Yes on One? Duh

You’ve heard all the arguments, seen all the evidence. Are you really still against same-sex marriage?
By DEIRDRE FULTON  |  September 12, 2012

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It would be awesome if this was the last thing I ever had to write about the gay-marriage debate.

It won't be, of course. We have eight weeks until the election in which Maine voters will decide whether to extend marriage rights to same-sex couples (a right they voted to take away just three years ago). There will be rallies and press releases, television advertisements and public meetings. Both sides will jockey for their desired answer to the ballot question: Do you want to allow the State of Maine to issue marriage licenses to same-sex couples? If the referendum passes, Maine will be the first state to pro-actively endorse marriage equality at the ballot box.

I'll be there, at those rallies and press conferences, scribbling in my notebook, trying to come up with a interesting way to write about the still-elusive (for some) freedom to marry. But I have to admit, after reporting on this issue for almost 10 years — ever since the Massachusetts Supreme Judicial Court ruled in 2003 that denying marriage rights to gay couples was unconstitutional — I'm kind of over it.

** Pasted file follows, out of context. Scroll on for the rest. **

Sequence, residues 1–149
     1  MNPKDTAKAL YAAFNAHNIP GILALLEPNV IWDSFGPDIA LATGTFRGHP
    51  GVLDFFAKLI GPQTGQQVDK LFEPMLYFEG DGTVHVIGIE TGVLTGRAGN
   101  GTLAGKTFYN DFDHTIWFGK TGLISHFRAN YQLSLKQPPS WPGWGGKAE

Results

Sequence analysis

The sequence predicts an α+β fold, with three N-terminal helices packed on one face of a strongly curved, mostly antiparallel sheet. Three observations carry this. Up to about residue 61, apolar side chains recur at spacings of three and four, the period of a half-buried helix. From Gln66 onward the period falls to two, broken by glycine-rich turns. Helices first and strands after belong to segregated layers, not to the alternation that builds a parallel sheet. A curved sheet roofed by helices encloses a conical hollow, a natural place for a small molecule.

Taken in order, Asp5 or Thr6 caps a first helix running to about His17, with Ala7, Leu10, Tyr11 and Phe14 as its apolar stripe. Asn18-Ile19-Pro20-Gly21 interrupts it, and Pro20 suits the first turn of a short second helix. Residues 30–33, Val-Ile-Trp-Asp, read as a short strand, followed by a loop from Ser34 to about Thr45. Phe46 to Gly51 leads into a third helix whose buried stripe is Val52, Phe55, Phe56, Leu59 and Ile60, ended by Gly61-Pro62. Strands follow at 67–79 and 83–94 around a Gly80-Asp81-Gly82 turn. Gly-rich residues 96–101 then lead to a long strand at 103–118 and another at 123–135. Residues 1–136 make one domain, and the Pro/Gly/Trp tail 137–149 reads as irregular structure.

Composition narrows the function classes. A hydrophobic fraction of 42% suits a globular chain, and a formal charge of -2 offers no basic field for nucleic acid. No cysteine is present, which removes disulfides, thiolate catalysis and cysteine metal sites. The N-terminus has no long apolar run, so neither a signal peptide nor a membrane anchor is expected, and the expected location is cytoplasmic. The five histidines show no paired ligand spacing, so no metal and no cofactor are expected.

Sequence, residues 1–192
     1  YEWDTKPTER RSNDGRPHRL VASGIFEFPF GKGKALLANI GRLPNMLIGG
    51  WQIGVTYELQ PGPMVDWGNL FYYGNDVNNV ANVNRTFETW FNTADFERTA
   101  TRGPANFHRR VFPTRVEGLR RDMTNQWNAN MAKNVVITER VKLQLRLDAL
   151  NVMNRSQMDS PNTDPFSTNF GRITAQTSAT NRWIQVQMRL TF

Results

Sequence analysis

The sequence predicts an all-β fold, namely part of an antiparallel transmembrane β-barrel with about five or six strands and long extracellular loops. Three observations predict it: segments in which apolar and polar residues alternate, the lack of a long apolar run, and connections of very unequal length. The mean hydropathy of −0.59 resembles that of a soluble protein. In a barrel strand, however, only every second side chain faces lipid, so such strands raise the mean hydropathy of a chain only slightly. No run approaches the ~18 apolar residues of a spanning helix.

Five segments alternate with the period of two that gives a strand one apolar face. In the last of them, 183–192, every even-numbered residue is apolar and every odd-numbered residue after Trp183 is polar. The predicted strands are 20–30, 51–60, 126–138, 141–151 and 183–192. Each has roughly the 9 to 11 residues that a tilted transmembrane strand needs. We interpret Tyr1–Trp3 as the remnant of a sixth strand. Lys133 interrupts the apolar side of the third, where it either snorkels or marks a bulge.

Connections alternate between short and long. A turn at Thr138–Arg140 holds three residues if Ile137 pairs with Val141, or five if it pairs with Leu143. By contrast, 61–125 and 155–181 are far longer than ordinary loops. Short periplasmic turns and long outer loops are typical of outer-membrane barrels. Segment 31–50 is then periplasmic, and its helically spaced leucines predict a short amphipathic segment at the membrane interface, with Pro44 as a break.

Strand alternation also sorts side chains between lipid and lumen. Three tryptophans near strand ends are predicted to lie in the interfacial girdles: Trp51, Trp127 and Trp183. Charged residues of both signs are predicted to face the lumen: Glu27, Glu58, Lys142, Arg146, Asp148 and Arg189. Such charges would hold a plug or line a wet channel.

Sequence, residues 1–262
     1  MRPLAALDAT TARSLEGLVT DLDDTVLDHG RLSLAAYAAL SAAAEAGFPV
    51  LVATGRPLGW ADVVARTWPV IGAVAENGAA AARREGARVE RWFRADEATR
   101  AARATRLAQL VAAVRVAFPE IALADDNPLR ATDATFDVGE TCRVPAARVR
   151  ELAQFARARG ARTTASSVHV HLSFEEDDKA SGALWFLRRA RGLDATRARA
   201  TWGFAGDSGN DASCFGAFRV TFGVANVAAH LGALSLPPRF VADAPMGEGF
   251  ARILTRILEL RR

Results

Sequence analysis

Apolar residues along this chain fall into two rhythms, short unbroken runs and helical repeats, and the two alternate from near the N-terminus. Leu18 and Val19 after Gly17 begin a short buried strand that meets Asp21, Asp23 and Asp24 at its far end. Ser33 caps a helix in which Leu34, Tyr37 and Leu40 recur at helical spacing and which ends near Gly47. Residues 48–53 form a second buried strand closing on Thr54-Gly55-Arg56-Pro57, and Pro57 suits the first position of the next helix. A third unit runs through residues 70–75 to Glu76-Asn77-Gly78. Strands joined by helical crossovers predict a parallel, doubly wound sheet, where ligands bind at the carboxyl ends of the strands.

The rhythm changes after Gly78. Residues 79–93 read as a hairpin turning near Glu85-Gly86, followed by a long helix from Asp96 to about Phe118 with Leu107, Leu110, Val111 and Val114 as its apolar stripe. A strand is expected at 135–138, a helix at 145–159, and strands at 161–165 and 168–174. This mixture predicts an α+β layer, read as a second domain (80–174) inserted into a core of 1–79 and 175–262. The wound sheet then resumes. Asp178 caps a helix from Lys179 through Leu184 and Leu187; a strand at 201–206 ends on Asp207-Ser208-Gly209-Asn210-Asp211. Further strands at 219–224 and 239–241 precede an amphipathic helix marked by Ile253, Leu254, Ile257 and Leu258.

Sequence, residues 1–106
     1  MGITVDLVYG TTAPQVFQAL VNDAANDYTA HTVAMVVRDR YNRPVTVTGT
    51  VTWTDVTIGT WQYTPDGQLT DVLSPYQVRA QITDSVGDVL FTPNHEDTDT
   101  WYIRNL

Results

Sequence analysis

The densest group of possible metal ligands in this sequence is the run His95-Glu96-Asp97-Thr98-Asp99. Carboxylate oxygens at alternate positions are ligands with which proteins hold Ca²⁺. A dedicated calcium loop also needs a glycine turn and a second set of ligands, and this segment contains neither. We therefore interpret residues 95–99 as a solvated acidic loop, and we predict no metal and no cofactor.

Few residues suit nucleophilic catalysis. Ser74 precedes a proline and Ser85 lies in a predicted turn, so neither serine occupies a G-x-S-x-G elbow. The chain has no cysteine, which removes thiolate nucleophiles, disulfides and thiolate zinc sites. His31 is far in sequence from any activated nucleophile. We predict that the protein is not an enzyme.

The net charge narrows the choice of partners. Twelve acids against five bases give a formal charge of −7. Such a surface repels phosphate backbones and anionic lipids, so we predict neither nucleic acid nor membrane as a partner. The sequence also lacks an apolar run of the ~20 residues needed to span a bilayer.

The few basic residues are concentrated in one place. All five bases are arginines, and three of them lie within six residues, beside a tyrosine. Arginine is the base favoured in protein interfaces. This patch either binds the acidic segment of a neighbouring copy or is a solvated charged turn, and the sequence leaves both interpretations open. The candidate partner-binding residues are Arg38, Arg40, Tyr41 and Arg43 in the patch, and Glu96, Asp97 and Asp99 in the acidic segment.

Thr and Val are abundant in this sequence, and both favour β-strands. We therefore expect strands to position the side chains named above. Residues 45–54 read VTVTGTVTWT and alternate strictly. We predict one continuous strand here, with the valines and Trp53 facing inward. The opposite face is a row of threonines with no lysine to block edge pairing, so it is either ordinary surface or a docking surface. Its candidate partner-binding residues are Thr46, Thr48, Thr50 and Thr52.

I don't mean to be cavalier. I understand that Mainers have been fighting for this right for decades; that loving couples have lived together for years and years, and built families together, without the legal recognition or label they seek and deserve. I get that every young person, regardless of their sexuality, should have the chance to dream about marrying the person they love. No one dreams of domestic-partnering their one and only.

But I won't deny that I have issue fatigue. Gay or straight or otherwise identified, aren't you tired of hearing the same points rehashed every few years?

All the arguments have been made. There's nothing left to report (except, it seems, the gradual evolution of individuals' positions on the issue). There is nothing new to this debate. It's all been said. All evidence points to an inevitable tipping point, a shift in public perception, and I can only hope that the trend plays out this year at Maine polling places. Because I don't think I can take another round of this, and I know I'm not the only one.

(Even Amelia Nugent, a well- spoken canvasser for Mainers United for Marriage who spoke at Portland's Yes On One rally on Monday, admitted that while the experience of going door-to-door for marriage has been extremely gratifying, she is ready for it to be done already. "It's an emotional roller-coaster for those of us who are personally affected.")

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